I was nominated by Andrew Grimes Griffin – One movie poster a day for 10 days. The no explanation bit is annoying people so:
I get older. Lubitsch films only get younger, wiser, more inventive, more understanding, more inclusive and funnier. Time and understanding have made depths from all its delightful surfaces. I love them all but have a few on pretty constant rotation: Lady Windermere´s Fan, To Be or Not To Be,The Shop Around the Corner, and todays choice, Trouble in Paradise. As I schlep around my flat from fridge to desk, stove to sofa, the peerless elegance, glamour and wit, the graceful skating over surfaces, the intelligence of Lubitsch become more welcome than ever. And anyone who hasn´t seen the scene where MIriam Hopkins and Herbert Marshall reveal what each has stolen from the other as a a form of flirtation, an indication of attraction and then a final declaration of love, each gag topping the other, is missing out on one of THE great moments in films history, I am single-minded in trying to convert people, but a particular failure since such enthusiasms breed resistance when all that is really needed is to see the films. But this might be the moment. What could be better in Covid Times than a little Lubitsch touch?
Day Two: To Be or Not to Be (Ernst Lubitsch, USA, 1942)
Day 2: To Be or Not to Be. On another day it might have been another Lubitsch, which I love just as much — Trouble in Paradise, The Shop Around the Corner, Heaven Can Wait. Today I’m in a ‘let’s sneer at Nazis’-mood, thus the choice. And does anyone, Chaplin included, satirise them better? ‘Jump!’ ‘Heil Hitler’ as the Nazi throws himself off the plane. I know some of the lines by heart: ‘Hitler was a vegetarian but he was known to swallow whole countries’: ‘I wouldn’t sneeze at a laugh’, ‘that artists could be so inartistic!’ etc; then there’s Lombard beautifully dressed by Travis Banton: ‘what do you think of this for the concentration camp scene? Imagine me being flayed and whipped in this *lovely* dress’. She’s beautiful and her line readings are most extraordinarily inventive. ‘They call me concentration camp Erdhardt!’, ‘Schulz!’, so many funny moments. Sig Ruman’s playing of Erdhart is a comic masterpiece on its own. Plus there’s Jack Benny; and of course Lubitsch, finding humour and humanity in the darkest, most stranglingly bureaucratic of worlds, attempting to delight with the bleakest of material….and succeeding.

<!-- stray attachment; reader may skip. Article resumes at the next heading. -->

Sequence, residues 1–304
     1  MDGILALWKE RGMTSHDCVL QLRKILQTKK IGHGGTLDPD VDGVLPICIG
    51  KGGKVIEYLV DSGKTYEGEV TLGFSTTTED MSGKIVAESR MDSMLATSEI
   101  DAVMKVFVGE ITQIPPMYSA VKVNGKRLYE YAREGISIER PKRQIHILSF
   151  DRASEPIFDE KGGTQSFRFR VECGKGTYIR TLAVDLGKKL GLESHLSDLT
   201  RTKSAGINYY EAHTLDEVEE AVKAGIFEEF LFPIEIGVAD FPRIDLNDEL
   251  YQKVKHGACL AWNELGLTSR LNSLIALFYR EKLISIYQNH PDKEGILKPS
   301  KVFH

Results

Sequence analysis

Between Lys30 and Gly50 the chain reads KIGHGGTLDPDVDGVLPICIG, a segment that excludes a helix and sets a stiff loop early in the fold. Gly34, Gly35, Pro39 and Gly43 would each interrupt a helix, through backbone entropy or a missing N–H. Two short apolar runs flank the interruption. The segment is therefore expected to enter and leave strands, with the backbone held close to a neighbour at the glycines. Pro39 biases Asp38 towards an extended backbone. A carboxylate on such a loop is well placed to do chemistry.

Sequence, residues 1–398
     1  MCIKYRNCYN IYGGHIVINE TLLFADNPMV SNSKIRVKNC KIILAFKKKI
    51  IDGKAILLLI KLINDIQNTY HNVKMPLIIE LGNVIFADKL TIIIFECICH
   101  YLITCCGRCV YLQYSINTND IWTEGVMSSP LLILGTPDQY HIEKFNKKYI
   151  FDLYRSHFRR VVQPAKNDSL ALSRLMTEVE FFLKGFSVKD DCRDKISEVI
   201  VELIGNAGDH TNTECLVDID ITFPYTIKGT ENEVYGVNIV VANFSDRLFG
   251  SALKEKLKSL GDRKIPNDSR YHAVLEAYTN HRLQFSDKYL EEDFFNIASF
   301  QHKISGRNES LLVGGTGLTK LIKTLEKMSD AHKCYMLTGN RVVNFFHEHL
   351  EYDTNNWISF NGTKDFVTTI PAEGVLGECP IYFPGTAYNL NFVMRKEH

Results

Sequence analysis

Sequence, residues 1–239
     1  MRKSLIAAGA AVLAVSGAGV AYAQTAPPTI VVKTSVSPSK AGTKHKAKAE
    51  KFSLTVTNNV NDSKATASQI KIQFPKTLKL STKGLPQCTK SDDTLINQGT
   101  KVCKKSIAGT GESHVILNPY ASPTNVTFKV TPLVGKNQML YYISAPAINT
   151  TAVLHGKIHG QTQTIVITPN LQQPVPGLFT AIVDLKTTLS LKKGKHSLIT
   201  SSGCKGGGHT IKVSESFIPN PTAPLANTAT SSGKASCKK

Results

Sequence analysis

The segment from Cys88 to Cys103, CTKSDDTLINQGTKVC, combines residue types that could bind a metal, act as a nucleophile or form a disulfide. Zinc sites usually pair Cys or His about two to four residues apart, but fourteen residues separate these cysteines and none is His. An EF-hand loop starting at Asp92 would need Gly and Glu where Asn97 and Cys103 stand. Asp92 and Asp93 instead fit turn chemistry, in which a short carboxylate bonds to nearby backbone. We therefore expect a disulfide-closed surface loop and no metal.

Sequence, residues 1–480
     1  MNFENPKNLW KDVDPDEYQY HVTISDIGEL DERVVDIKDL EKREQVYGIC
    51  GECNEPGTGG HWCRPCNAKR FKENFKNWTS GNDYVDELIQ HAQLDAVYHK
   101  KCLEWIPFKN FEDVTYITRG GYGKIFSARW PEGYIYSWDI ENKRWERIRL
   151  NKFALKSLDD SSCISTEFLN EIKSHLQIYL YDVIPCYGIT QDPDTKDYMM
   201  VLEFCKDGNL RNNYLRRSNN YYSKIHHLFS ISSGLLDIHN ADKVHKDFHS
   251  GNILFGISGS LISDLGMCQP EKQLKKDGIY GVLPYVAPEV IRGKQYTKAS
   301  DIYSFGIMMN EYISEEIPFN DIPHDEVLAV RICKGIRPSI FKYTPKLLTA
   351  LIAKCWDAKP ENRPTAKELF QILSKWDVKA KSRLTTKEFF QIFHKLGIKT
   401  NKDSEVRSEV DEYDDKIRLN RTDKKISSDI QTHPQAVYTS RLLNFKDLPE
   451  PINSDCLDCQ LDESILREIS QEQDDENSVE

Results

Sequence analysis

Very good book on a great actress, still under-rated star, and key figure in the ‘pre-code’ era. The book is as good on her life as on her career. Her relationships with her mother, sister and child figure prominently and are woven throughout the narrative along with her numerous marriages and affairs. The plays, films and performances are well discussed and one also gets the nitty gritty dollars and cents information I at least am keen on.
The book is interesting on all her key films (The Smiling Lieutenant, Trouble in Paradise, Design for Living, Dr. Jekyll and Mr. Hyde, The Story of Temple Drake, Becky Sharpe, These Three;). It also gives a very good account of how difficult she was to work with, on the making of The Sisters, Old Acquaintance and the onset shenanigans with Bette Davis that ensued on those films. If Ryan Murphy wants to do a prequel to Feud this would provide very good material. Her reputation for being difficult affected her ability to get work in Hollywood but luckily she always had a stage career to return to in moments were she wasn’t getting what she wanted from Hollywood.
The book is fascinating on her extensive love life: Fritz Lang, Anatole Litvak, Robert Montgomery, and many others. The famous incident with Litvak and Paulette Goddard gets a full airing and Ellenberger also discusses and dismisses the rumours of Hopkins’ lesbian tendencies, locating the sources of the rumours and indicating how and why those rumours might have been propagated.
As an added bonus, one also gets a rich and full account of Hopkins’ career in the theatre. I recommend.